Oh, I see! moments
Travel Cultures Language

The Travel Sketchbook

by Eva Boynton on May 23, 2016

A hand holding a travel sketchbook on a hike, illustrating that many an aha moment waits inside. (image © Kolby Kirk).

Sketchbook in chest pocket, Kolby Kirk is always ready to draw on the trail.
© Kolby Kirk

There’s an Aha Moment on Every Page!

For me, it’s impossible to start a trip without this one essential item: my travel sketchbook. It is my eyes, my memory, my inquisitive mind on paper. Together we take on the world.

It is in the act of drawing that I learn to look, listen, perceive, and remember. In fact, I have not experienced a place fully unless I have sketched it.

Drawing of a jungle collection and inside of a house, showing an aha moment within a travel sketchbook (image © Eva Boynton).

The Jungle Collection: taking a moment to record and remember.
© Eva Boynton

Challenging the Cultural Traditions of Food

by Meredith Mullins on May 16, 2016

Artichoke and rice meal, part of a fasting experience challenging the cultural traditions of food. (Image © Meredith Mullins.)

The beauty of healthy food
© Meredith Mullins

A Fascinating Fasting Adventure

We love to eat. It is one of the pleasures (and necessities) of existence. Food is a feast for our senses—a visual journey of color and form, a delight in smell and taste, often a tactile adventure (especially when you eat with your hands!), and even an auditory experience as we crunch an apple or carrot . . . or as we listen to the popping of popcorn or the sizzle of shrimp on the barbie.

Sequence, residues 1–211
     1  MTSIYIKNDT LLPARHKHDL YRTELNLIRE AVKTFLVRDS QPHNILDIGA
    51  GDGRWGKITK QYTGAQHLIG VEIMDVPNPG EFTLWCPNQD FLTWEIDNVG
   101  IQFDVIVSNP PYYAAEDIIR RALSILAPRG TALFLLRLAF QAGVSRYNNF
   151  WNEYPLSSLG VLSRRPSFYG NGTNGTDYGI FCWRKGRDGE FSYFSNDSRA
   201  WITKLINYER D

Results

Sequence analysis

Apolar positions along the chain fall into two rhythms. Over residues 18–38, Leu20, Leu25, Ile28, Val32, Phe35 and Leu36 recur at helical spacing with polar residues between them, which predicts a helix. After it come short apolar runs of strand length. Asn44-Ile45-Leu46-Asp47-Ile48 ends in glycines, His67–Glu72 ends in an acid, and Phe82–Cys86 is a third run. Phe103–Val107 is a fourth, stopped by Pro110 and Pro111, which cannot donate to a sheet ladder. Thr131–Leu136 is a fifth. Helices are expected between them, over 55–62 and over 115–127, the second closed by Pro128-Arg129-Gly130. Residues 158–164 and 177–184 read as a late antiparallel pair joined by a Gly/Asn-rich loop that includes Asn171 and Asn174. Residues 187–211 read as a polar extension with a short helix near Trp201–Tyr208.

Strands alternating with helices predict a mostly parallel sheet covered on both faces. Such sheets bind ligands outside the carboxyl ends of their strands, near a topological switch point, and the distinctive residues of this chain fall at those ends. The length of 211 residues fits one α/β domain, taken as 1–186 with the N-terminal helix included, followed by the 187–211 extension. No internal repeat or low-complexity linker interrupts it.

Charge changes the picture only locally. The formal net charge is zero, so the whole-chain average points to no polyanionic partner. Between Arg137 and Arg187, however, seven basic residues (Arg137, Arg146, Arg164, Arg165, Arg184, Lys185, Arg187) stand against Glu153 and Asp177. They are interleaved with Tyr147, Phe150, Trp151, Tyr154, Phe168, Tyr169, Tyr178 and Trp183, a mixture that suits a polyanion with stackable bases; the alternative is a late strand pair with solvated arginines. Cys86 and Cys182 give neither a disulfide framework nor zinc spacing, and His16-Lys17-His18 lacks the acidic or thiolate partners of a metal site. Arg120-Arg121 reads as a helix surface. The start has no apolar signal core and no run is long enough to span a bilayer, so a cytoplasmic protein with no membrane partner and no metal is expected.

Travel Stories: Good Thing We Took the Wrong Train

by Joyce McGreevy on April 26, 2016

A view from a flight departing Boston might feature in travel stories about travel mishaps that turn out just fine. Image © Joyce McGreevy

Travel isn’t all plain sailing, but a little luck can help you wing it.
© Joyce McGreevy

Travel Mishaps, Mosaics, and Memories

If two trains travel toward the same station at different times . . . Remember those math questions from school? Call them my least favorite travel stories.

I recall Mrs. Newton asking our fourth grade class to brainstorm solutions. As the collective desperation mounted, I burst out with “Agh! Stop the trains!”

Okay, so not a mathematician.

Yet those equations proved instructive. As emblems of bewilderment in motion, they offered a preview of real-life travel problems.

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